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The First Agonizing Mystery: Jesus is in the Upper Room.

The Second Agonizing Mystery: Jesus passes through the Kidron Valley the first time.

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The Third Agonizing Mystery: Jesus is in Gethsemane.  

The Fourth Agonizing Mystery: Jesus passes through the Kidron Valley the second time. 

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The Fifth Agonizing Mystery: Jesus is in the house of Caiaphas. 

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The complete set of reflections for the “Agonizing Mysteries” is found in a previous post: “12 to 11 to 3 to 0

        • 12 to 11 to 3 to 0

is this a carnival, Palcido?

26 May

My friend, Father Placido, who cares for the shrine at Gethsemane, also took care of me when I tore my meniscus on my way to pay him a surprise visit last summer.

Placido runs a tight ship, boasting that he keeps careful watch over priests who come to say Mass at the Church of the Agony, for fear that they will not follow “the rules” and turn the Mass into “some sort of carnival.”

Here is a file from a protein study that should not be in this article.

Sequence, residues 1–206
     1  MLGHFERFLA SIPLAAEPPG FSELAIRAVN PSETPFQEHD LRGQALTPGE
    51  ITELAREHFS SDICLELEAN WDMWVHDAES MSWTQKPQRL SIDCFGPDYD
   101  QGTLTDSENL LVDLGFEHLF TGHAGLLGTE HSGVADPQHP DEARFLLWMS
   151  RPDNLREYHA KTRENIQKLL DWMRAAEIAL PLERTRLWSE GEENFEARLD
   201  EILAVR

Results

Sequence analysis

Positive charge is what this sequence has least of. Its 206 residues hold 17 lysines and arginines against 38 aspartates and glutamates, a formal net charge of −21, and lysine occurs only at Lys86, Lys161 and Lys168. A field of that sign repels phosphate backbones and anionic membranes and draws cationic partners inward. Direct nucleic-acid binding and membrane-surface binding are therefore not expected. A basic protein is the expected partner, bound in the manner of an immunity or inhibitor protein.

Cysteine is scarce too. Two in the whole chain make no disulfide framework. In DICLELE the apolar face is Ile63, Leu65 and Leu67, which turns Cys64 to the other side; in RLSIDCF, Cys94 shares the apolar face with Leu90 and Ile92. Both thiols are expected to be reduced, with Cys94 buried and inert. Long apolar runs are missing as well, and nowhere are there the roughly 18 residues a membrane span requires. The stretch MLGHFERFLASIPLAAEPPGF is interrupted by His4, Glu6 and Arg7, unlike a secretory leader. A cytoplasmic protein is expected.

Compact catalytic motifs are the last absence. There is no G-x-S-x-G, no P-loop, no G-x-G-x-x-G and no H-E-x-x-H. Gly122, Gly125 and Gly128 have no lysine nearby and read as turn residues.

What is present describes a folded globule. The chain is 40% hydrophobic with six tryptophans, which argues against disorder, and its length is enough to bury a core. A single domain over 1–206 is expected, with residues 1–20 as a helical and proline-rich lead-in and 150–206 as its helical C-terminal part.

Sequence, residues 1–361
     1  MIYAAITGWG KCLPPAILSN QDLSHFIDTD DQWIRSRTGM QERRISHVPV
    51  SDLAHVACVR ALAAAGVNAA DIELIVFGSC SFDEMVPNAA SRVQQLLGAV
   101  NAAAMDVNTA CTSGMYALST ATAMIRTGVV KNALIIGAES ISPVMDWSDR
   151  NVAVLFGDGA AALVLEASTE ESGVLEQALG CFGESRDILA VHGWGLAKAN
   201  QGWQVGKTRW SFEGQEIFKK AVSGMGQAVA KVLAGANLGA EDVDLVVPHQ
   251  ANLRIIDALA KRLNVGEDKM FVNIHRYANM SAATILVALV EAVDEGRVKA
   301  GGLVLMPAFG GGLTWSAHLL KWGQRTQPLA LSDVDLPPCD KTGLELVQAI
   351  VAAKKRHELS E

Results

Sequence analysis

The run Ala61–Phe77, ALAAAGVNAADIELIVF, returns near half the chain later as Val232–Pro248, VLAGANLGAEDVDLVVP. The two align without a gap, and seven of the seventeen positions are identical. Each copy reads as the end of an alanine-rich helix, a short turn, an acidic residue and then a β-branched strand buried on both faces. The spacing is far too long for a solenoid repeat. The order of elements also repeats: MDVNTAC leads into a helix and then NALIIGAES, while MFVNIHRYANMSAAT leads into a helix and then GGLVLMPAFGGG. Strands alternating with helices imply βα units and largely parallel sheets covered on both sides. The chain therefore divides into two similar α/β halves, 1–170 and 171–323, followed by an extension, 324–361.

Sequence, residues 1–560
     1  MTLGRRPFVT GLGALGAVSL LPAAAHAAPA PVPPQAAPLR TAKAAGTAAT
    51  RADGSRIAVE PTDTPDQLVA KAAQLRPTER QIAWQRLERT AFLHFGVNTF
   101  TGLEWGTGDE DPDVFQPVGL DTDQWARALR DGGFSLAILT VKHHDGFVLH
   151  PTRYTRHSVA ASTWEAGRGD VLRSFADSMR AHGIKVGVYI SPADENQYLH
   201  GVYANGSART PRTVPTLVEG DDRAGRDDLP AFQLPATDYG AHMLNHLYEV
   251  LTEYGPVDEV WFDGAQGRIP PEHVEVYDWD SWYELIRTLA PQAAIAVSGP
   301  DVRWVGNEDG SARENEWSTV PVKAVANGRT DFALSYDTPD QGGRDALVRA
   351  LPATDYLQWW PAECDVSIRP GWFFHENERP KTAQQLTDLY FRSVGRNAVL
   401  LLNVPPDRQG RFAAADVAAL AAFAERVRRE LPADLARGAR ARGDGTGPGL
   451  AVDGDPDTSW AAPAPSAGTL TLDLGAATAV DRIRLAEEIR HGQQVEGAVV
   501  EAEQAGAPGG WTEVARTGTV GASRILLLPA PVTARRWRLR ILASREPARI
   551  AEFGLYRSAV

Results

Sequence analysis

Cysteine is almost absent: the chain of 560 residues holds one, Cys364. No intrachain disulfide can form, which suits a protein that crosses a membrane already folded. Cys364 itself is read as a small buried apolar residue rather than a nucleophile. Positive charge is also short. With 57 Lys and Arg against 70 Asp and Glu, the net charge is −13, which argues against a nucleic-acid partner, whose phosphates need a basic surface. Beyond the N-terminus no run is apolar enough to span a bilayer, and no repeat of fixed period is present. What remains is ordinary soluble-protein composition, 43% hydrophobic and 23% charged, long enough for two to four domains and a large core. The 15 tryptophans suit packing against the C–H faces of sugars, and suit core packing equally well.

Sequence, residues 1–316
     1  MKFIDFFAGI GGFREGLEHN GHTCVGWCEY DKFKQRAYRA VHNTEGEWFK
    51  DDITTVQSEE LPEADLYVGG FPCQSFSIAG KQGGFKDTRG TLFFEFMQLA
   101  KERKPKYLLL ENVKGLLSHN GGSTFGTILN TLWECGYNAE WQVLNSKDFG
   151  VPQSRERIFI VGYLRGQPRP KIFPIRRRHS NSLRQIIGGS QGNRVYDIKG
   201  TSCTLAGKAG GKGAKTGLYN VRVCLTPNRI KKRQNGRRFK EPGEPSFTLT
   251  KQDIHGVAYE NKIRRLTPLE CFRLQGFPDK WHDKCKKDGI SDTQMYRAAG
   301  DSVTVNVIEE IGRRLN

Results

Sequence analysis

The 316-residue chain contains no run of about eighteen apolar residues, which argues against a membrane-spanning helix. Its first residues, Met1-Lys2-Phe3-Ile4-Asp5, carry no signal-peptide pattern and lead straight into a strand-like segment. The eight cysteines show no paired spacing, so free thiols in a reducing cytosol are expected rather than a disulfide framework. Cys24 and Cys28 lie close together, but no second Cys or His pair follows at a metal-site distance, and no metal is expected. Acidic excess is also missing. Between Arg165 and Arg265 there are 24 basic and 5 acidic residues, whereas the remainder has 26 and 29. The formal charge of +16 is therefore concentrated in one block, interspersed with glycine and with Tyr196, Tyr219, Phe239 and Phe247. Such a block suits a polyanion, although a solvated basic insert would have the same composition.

I am anxious to see him in June to tease him that I caught him on camera turning the visit of the Pope into a carnival. He is the one taking a picture! It will be fun to ask him about that moment …

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… and to ask him what he is saying to the Pope right after he took the photo, with both his hands raised in a questioning fashion.geth 03

 

12 to 11 to 3 to 0

8 May

In the heat of June the pilgrim-teachers whom I will accompany to the Holy Land will want to walk where Jesus walked and to see what Jesus saw.

There are some ancient steps that Jesus would have walked twice on what we call “Holy Thursday,” once when he went down from the Upper Room on his way to Gethsemane, and once when he was taken from Gethsemane back up to the House of Caiaphas. Twice that night he would have walked through the Kidron Valley where he would passed some tombs, once with eleven of his disciples and once with none of them.